It seems to me that a life of saltiness that Jesus is getting at here is one that, without fear, moves into the world in love and affection. We salty ones don’t allow ourselves to be bowled-over by the tragedies and disappointments of the world, but we also don’t allow ourselves to fall into quiet resignation over injustices. We followers of Jesus, we salty ones, walk a brave line of love into the deepest experiences of life, neither being swept away nor disengaged. This brave walk of course happens only because we are empowered by the Holy Spirit which, in my experience, is more about granting patience and tenacity more than anything.
So what does this salty life look like anyway? To me it seems that a salty life of following Jesus is one where, first and foremost, the disciple has begun to make peace with themselves. Where in your life have you shied away from the cold facts of life? Which relationships have you let grow cold because the truth is just too awkward? Which aspect of your personality and habits are hindering a zest of life, what needs the salt of Jesus?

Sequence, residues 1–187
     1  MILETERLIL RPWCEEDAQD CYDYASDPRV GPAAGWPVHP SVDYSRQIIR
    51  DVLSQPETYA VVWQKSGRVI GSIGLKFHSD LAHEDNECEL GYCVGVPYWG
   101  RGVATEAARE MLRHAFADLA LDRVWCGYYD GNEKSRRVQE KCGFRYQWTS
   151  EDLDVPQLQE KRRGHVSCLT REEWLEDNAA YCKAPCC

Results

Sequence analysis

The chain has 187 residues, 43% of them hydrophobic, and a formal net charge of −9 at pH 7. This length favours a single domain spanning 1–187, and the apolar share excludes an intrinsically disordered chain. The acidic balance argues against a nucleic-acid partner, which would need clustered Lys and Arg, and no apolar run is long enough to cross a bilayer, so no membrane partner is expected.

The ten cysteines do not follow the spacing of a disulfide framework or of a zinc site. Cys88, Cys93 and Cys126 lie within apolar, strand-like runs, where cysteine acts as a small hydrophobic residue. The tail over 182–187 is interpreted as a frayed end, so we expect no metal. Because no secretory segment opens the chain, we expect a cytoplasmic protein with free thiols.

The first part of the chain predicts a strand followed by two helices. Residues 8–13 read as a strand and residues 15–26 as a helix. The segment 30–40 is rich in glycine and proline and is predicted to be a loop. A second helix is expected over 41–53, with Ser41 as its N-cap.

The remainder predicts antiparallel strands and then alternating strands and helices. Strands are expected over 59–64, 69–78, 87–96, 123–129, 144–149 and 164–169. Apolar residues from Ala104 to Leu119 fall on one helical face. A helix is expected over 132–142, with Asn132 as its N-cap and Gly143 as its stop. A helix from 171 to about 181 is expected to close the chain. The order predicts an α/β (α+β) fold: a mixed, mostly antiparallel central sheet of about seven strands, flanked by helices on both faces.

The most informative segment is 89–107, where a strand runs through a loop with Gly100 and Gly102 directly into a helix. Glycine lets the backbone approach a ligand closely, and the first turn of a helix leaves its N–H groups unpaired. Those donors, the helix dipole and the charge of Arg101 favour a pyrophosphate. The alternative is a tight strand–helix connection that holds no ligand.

Next, I suppose, is that the salty ones begin to move beyond themselves and gently offer themselves to others; hopefully simply as presence, ally-ship, and friendship and not as an overpowering fixer. We are salt, not cayenne. Salt allows the flavors of others to shine. Cayenne insists on being forward and in your face. Being salt means that we listen, we notice, and we don’t have to have our way.
Being salt for the earth means to remind the world of what God created it to be: a loving commonwealth that is created for the flourishing of all and that anything other than that is not living in accordance with how God desired things to be. You are the salt of the earth, called so by Jesus himself, no go, be salt and nothing else, not sugar, or an onion, or a toothpaste Oreo.
Walk bravely into the world and know that we go together empowered by the Holy Spirit.
Written by The Rev. Josh Bowron. Bowron is the rector of St. Martin’s Episcopal Church in Charlotte, NC. He holds an M.Div. from The School of Theology at the University of the South and is also currently working on a Masters of Sacred Theology there, with a particular interest in modern Anglican theologians. He enjoys a zesty life with his wife Brittany and their three children.
Download the sermon for Epiphany 5(A).